This is natural. It’s normal. You are no different than I am in this transgression. Plus, God has proven time and time again to be long-suffering with our misplaced anger and doubt in Him. He hasn’t broken off relationship with us in the past, so why would He in our present or future?
This is the comfort we can seek, this unity in our weakness and assurance that our Father will love us through it all. Sit in that for a moment. But don’t stay comfortable too long, because comfortable people do not change. God tells us time and time again in Scripture, we are to be transformed by our relationship with Him. So, now that we have cast away the shame we feel in misplacing our anger in Him…
Seeking a Different Way
We have to seek a different path. Every time I misplace my anger at my circumstances and place it firmly on His shoulders, I go back to the question my small group leader always asks: “What do I know to be true?”
I know God is good beyond my capability to comprehend. I am assured that He loves me with an unfathomable love. I know that His Word bears evidence of His goodness through generation, upon generation who came before me. I know that His way is always best and that I never regret His way once the conclusion has played out in my life. I am certain that what I do not understand today, I will understand when I am in Heaven.
This knowledge should transform how I react. It should impact how I respond to my suffering. I should look to Job and Joseph and see how they embraced God in the midst of their troubles.
Job praised God. His wife wanted him to curse God and die. I know that feeling. I cannot judge her for having that resentment without living at the height of my own hypocrisy. But I can aspire to be more like Job.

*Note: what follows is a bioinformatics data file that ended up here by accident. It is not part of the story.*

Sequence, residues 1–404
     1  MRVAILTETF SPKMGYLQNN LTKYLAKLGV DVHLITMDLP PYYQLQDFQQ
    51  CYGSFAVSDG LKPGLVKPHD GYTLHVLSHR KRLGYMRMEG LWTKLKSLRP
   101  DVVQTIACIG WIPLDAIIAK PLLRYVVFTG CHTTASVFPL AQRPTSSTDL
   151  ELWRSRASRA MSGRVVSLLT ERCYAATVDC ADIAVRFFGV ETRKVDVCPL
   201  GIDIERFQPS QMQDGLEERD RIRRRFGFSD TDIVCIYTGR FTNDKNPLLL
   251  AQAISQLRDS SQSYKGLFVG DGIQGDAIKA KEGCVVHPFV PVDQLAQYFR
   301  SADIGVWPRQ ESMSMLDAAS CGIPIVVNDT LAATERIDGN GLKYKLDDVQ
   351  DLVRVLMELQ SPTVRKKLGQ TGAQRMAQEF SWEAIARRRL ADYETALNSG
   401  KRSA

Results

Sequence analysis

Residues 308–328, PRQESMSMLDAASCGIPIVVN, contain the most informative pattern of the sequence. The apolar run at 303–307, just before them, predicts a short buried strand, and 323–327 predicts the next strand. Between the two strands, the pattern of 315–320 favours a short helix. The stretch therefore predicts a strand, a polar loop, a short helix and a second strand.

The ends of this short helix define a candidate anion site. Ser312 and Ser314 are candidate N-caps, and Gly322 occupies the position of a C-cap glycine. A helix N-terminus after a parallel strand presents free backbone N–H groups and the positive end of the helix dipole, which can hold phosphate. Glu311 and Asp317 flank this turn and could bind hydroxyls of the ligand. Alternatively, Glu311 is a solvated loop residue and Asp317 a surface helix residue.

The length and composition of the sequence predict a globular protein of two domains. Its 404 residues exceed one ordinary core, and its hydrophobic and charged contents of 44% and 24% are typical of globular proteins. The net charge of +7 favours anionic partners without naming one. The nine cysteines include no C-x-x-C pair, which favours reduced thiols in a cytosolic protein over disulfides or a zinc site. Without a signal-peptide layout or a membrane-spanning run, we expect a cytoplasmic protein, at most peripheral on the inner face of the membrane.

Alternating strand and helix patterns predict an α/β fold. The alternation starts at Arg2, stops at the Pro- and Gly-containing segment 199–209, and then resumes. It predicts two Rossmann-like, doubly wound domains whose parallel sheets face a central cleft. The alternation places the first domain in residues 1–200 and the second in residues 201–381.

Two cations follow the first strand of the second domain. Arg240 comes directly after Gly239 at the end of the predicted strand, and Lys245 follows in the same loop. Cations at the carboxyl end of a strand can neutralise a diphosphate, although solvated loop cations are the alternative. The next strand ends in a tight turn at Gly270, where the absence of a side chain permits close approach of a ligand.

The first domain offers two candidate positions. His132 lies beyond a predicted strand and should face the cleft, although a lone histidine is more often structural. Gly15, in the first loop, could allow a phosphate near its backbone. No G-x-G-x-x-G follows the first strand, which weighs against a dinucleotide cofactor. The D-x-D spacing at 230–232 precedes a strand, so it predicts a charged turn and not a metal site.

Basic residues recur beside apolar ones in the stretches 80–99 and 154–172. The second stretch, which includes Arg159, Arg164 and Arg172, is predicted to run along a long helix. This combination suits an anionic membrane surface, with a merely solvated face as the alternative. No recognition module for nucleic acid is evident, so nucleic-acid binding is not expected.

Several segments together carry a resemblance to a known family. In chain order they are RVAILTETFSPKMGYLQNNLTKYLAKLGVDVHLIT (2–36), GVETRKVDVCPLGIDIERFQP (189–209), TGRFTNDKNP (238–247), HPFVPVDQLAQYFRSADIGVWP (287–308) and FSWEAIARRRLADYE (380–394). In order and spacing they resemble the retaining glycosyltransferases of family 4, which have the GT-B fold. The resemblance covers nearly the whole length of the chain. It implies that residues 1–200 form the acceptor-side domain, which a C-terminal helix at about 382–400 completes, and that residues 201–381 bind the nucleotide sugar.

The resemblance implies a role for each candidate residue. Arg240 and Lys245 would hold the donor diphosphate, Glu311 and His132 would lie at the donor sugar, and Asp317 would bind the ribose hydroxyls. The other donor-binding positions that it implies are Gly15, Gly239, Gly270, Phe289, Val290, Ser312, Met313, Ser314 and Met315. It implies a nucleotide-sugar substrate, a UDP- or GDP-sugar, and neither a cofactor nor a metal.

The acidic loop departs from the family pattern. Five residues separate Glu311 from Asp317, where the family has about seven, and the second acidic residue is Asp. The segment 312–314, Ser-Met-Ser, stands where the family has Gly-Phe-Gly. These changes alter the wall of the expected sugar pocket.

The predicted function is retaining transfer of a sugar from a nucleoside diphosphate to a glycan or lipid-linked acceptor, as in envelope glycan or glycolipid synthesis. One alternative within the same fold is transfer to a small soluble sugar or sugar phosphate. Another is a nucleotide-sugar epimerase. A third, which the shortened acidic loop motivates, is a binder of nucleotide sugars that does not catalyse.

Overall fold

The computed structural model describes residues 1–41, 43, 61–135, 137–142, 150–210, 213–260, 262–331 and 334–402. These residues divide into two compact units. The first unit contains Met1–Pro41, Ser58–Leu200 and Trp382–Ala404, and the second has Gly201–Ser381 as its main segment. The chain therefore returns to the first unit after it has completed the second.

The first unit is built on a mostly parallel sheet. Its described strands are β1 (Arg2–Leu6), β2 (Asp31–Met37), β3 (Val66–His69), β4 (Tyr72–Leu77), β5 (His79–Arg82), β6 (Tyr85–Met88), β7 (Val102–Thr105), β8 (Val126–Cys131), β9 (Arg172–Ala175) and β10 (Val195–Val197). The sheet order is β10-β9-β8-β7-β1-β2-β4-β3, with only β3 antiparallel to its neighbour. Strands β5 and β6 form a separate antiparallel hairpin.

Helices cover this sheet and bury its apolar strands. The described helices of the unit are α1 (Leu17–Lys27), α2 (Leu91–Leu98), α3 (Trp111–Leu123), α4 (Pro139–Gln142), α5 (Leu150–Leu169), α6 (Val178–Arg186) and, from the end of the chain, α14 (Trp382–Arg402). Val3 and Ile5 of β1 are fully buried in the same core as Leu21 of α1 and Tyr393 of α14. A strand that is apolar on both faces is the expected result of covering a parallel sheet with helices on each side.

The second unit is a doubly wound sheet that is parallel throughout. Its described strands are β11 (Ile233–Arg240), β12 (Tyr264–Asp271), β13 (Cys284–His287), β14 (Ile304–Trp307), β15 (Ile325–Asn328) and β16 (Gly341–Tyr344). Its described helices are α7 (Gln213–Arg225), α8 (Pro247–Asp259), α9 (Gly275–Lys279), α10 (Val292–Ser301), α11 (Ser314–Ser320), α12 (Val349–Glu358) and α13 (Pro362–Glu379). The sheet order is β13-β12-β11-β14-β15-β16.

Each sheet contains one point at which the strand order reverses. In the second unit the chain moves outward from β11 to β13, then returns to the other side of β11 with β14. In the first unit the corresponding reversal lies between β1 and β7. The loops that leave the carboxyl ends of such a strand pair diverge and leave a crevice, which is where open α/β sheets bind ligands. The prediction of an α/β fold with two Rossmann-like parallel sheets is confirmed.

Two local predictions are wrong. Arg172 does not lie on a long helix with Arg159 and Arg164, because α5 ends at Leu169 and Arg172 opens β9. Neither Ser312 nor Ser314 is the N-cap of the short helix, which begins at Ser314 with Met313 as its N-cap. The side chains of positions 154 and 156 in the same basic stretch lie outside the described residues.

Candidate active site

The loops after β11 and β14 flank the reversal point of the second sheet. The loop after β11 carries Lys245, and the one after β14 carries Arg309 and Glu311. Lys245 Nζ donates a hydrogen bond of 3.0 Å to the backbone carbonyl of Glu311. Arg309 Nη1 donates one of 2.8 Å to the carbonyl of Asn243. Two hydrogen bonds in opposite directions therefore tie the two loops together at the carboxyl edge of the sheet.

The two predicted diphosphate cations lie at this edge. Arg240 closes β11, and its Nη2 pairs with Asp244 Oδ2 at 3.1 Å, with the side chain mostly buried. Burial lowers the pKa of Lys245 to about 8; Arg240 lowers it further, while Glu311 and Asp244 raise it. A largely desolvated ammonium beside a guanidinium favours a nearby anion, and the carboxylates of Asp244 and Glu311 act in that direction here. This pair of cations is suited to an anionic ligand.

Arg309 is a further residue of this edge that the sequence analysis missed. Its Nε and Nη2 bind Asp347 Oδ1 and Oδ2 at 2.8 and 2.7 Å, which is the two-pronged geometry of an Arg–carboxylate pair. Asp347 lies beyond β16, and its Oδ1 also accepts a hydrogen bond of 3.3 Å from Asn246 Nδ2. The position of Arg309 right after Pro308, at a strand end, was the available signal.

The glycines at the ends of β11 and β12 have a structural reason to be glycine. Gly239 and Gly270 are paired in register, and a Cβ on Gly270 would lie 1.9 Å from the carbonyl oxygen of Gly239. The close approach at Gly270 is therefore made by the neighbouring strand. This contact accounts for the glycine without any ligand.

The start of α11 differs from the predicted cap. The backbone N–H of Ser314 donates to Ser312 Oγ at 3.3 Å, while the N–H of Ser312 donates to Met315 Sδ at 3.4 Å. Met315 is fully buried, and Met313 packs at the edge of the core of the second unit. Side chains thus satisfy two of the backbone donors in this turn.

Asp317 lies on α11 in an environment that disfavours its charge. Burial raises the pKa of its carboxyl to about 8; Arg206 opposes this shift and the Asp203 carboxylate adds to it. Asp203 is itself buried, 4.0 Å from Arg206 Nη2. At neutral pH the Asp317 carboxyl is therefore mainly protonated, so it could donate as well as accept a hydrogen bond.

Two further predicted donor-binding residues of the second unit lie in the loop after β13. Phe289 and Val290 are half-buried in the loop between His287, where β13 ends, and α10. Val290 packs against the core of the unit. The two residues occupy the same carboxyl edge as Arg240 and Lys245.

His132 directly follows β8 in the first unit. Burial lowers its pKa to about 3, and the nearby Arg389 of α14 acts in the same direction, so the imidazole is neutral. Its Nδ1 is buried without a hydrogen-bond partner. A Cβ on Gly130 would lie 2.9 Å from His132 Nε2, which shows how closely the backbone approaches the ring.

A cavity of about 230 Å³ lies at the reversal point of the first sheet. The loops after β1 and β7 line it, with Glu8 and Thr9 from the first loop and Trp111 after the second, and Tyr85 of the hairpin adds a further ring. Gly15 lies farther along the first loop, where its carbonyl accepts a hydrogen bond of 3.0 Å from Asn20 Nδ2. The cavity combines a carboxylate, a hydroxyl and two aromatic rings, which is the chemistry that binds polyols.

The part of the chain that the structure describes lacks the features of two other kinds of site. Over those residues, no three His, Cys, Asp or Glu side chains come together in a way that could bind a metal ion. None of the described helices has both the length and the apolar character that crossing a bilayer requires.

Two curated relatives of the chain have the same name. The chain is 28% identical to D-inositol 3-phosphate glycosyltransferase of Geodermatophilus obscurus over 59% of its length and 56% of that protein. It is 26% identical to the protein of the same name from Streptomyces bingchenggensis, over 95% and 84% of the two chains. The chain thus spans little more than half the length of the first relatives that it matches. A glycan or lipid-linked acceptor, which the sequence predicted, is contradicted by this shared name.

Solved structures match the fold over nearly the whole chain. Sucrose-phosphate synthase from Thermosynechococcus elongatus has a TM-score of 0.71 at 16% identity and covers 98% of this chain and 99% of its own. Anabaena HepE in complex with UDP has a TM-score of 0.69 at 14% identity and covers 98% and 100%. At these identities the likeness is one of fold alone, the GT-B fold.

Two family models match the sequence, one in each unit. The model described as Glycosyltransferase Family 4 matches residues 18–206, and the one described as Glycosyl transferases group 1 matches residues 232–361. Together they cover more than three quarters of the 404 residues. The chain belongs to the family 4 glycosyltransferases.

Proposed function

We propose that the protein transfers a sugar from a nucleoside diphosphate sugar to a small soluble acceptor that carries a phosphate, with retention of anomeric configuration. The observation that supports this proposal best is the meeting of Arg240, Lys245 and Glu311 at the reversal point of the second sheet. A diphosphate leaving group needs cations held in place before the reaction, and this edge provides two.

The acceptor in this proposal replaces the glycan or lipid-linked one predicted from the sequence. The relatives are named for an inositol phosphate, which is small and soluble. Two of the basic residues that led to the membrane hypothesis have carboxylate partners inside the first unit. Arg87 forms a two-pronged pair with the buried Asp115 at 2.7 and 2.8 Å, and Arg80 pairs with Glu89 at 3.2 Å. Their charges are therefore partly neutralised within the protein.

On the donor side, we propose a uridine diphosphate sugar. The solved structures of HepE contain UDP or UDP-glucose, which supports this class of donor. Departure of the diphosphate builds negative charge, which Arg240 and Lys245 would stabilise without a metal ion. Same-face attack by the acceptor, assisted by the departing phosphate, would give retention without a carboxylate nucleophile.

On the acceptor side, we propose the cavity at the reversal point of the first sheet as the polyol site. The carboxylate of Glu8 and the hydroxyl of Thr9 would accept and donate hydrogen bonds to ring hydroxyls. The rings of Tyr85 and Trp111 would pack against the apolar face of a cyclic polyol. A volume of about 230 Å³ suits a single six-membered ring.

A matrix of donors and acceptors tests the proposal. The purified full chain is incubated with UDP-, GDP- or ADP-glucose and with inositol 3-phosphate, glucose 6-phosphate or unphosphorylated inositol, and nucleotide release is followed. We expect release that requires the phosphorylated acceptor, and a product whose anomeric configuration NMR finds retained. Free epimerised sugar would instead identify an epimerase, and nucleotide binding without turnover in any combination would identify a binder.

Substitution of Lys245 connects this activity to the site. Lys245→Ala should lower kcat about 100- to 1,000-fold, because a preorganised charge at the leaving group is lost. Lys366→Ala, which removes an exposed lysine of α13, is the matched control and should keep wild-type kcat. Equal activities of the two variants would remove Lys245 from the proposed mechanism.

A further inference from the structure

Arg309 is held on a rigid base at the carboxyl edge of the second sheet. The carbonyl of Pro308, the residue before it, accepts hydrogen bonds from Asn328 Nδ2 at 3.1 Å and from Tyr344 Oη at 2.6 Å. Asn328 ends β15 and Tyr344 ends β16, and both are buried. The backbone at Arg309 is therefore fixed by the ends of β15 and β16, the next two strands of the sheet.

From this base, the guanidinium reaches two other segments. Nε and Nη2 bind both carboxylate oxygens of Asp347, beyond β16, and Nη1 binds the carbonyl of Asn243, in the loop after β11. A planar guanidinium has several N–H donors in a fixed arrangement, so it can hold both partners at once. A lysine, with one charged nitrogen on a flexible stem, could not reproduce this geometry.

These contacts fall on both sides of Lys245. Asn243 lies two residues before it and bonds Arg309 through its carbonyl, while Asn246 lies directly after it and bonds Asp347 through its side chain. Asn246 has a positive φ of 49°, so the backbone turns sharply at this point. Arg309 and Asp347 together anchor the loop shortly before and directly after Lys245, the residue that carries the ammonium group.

Joseph had been so maligned by his brothers that no one could blame him had he cast his brothers out of Egypt without food. He, however, saw the good God did in the midst of his travails and was able to show genuine forgiveness to his bullies and assailants.
Praising through Pain
It seems counterintuitive. We know bad things happen despite our faith and God’s goodness, but in the midst of our suffering, it does not seem like God deserves our praise. That is exactly when we need to get out of our broken hearts into our heads.
What do we know to be true?
He is always worthy.
He is always good.
We must praise Him always.
In the end, we will endure our burdens much more easily when our eyes are set on Him in adoration. The trust we have in what we know to be true about our Father is a buffer that shields us from the harshest parts of our suffering. It won’t remove the stress and pain altogether, but it will shield us from the worst of it and allow us to see how God works in spite of the pain, because of it, and alongside it.
We endure our burdens when our eyes are set on God in adoration. The trust we have in what we know to be true about our Father is a buffer shielding us from the harshest parts of our suffering. Click To Tweet
Not only that, but we rejoice in our sufferings, knowing that suffering produces endurance, and endurance produces character, and character produces hope, and hope does not put us to shame, because God’s love has been poured into our hearts through the Holy Spirit who has been given to us.Romans 5:3-5, ESV